- The Washington Times - Wednesday, July 26, 2000

During the now famous D.C. City Council debate over the Health Insurance Coverage for Contraceptives Act of 2000, several council members took on an unusual role for government officials that of arbiter of Catholic Church doctrine.
Rather than debate the merits of the legislation, certain council members told us they have "spent years fighting church dogma," that a religious freedom exemption would be tantamount to "social engineering" and that "to suggest the Church is somehow unduly burdened … by this minor provision [is] absurd."
The real absurdity is a governmental body overlooking that constitutional right known as religious freedom. The City Council, by refusing to include a comprehensive conscience clause, tried to compel religious organizations and employers to violate their religious and moral convictions. In this case, all District employers with prescription drug plans, including Roman Catholic hospitals, nursing homes, schools and churches, would be required to offer birth control pills, Norplant, Depo-Provera, IUDs and even the so-called "morning after pill" to their employees and employees' children.
Far from a "minor provision," this bill flagrantly violates our religious liberty. But how? What "church dogma" led council members to push aside the fundamental issue of religious liberty? The answer is that the Catholic teaching that contraception is contrary to the right understanding of human sexuality and the value of human life.
From time to time, you probably hear some social commentator pontificate that the Catholic Church is hung up on sex or needs to "get with the times." But take another look. The truth is, we believe sexual intimacy is good within marriage and without contraceptives not only for the couple but for society as well.
Marriage isn't some Hollywood fantasy of a hero and heroine driving off into the sunset, thank goodness. While beautiful, sunsets tend to fade rather quickly. Marriage is permanent a total loving, a total giving, a total sacrifice of a man and woman to each other. Our model for this love is Christ who literally died on the Cross for our salvation because he loved us so completely. Marriage doesn't come with parentheses. You know the kind: "I'll love you (unless you get sick)" or "I'll love you (until you look old)."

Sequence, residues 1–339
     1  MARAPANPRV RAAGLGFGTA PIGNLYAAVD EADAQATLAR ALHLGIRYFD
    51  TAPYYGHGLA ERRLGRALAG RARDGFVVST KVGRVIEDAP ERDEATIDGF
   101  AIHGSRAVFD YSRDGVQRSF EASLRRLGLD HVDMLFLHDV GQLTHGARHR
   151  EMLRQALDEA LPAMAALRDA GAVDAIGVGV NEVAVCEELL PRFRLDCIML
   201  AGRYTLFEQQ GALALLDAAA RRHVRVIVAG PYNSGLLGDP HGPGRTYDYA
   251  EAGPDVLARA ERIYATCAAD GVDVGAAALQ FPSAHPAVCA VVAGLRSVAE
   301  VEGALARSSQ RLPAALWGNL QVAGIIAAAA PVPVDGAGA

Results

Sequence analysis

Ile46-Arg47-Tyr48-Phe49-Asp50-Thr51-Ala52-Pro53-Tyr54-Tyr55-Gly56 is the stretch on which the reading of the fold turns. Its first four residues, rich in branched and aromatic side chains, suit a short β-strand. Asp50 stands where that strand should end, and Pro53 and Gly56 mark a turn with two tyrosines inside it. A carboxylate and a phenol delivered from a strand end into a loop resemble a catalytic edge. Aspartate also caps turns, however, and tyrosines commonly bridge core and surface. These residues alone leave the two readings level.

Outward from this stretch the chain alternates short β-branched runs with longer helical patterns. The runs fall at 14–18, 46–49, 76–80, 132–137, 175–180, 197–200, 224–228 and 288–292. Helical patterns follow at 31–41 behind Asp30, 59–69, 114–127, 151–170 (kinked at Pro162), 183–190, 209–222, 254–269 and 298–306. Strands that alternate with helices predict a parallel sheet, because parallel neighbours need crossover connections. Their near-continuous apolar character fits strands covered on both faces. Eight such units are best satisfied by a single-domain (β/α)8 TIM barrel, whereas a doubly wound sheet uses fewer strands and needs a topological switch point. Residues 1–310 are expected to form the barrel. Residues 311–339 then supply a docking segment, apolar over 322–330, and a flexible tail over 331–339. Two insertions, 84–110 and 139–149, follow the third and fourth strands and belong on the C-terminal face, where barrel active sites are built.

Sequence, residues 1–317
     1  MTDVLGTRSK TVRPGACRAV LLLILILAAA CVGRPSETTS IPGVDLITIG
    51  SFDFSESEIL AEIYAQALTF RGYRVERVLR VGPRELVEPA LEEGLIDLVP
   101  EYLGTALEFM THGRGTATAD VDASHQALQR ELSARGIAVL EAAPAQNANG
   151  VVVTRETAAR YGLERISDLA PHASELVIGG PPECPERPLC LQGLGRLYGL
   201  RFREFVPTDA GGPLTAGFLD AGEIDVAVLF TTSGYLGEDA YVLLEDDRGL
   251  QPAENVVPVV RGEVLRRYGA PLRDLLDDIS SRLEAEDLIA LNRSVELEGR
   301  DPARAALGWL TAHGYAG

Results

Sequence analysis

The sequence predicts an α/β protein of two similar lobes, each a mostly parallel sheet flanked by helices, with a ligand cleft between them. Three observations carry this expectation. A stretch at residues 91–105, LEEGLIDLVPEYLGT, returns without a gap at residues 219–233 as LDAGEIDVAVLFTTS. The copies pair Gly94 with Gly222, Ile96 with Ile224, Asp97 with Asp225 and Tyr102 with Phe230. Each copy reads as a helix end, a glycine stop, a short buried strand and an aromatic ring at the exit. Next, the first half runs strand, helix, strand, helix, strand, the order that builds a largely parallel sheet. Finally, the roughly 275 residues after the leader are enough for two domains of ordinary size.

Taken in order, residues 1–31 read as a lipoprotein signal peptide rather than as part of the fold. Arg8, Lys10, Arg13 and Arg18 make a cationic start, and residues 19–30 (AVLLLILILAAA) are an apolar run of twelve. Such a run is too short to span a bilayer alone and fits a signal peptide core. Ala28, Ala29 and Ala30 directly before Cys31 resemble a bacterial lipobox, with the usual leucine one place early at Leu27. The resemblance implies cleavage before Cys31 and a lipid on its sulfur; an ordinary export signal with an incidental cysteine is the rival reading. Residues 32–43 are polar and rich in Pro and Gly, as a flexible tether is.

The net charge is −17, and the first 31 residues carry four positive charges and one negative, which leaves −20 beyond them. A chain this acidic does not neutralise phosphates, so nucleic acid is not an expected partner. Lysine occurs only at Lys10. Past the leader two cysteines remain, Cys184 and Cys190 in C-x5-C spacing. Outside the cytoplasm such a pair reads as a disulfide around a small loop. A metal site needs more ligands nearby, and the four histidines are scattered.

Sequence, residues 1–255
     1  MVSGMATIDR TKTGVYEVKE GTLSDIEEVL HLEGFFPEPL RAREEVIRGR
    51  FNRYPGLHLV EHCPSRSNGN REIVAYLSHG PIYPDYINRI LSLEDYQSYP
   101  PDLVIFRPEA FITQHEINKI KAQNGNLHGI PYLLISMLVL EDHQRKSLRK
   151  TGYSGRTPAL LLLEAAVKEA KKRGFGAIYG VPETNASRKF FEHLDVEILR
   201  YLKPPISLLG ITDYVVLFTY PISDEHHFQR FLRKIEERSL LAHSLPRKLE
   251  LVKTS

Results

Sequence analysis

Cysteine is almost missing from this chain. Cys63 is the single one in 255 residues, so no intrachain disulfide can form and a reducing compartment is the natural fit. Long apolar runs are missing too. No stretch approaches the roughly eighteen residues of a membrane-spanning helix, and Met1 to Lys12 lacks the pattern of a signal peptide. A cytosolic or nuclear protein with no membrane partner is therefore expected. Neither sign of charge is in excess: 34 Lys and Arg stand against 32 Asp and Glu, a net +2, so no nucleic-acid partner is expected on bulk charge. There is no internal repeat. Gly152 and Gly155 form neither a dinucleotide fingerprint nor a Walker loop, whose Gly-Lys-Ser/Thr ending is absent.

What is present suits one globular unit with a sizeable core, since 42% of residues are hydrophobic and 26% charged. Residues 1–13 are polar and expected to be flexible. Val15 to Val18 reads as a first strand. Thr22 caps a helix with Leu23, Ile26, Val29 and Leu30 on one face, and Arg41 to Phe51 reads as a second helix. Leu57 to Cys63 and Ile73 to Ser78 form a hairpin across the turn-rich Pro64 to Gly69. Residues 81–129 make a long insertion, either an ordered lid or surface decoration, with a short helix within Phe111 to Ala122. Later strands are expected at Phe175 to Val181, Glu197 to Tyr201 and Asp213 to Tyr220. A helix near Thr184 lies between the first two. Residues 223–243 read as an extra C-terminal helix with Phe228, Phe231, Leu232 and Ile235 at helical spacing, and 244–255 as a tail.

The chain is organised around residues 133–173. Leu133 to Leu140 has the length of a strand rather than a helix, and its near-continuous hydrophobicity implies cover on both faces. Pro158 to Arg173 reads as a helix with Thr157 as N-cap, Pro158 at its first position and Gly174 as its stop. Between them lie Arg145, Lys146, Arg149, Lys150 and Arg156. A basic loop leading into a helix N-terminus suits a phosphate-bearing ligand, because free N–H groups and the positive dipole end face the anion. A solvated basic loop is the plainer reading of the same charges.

Which gets us to sex and contraception. Sexual intimacy is a privileged way for married couples to express their love for each other. Popular culture may attempt to reduce sex to a throwaway physical act, but it isn't. It is about connecting with one's spouse completely physically, emotionally and spiritually. It is a total giving of self.
Contraception is a violation of this giving. It's a parenthesis in the marriage: "I'll give everything I have to you body, soul and spirit (but not my fertility)." It breaks that complete connection between spouses by literally throwing up a barrier to life itself. It breaks the God-given link between the love-expressing and life-giving purposes of human sexuality, thus opening the door to the misuse of sexuality. In addition, many forms of contraception can sometimes cause an early abortion. So, not only is a life prevented, but one may actually be taken. Sadly, many couples do not realize this.
More than 30 years ago in the landmark document, "Humanae Vitae," Pope Paul VI accurately predicted what would happen in a contraceptive culture. Consider what he said: Widespread contraception would lead to "conjugal infidelity and the general lowering of morality" as well as a decline in respect by men for women to the "point of considering her as a mere instrument of selfish enjoyment." The pope predicted people would believe they have unlimited sovereignty over their bodies. Such "sovereignty" has led to abortion on demand and the many ethical issues we face today: stem-cell research, discarded embryos and the nightmare of human cloning.
Finally, very apropos to our current struggle before the City Council, Pope Paul VI wrote that the wide acceptance of contraception would be a "dangerous weapon … in the hands of those public authorities who take no heed of moral exigencies." Today we see the truth of those words. As one council member said, "I am very concerned about having religious principles impact public health policy." Assuming that religious and moral convictions have no place in the public square, several council members pushed through this bill, saying it was about "public health" and AIDS prevention; that "public health" interests must override fundamental religious liberties.
Yet the council showed no compelling public health interest. None of the contraceptives covered in the bill prevents AIDS. Nothing prevents employees from purchasing contraceptives on their own. And, nothing in the CatholicChurch's teaching on sexuality leads to AIDS, teen pregnancy, sexually transmitted diseases or out-of-wedlock births.
Three decades ago, Pope Paul VI correctly identified contraceptives as the theological wedge that would be used to justify widespread sexual immorality and the loss of respect for human life. In the District and elsewhere, contraceptives are functioning as a political wedge by which government tries to force false values onto religious institutions and people of faith and conviction. In other words, the current legislation is but a prelude to further infringement on religious liberty.

William E. Lori is the auxiliary bishop of the Roman Catholic Archdiocese of Washington.

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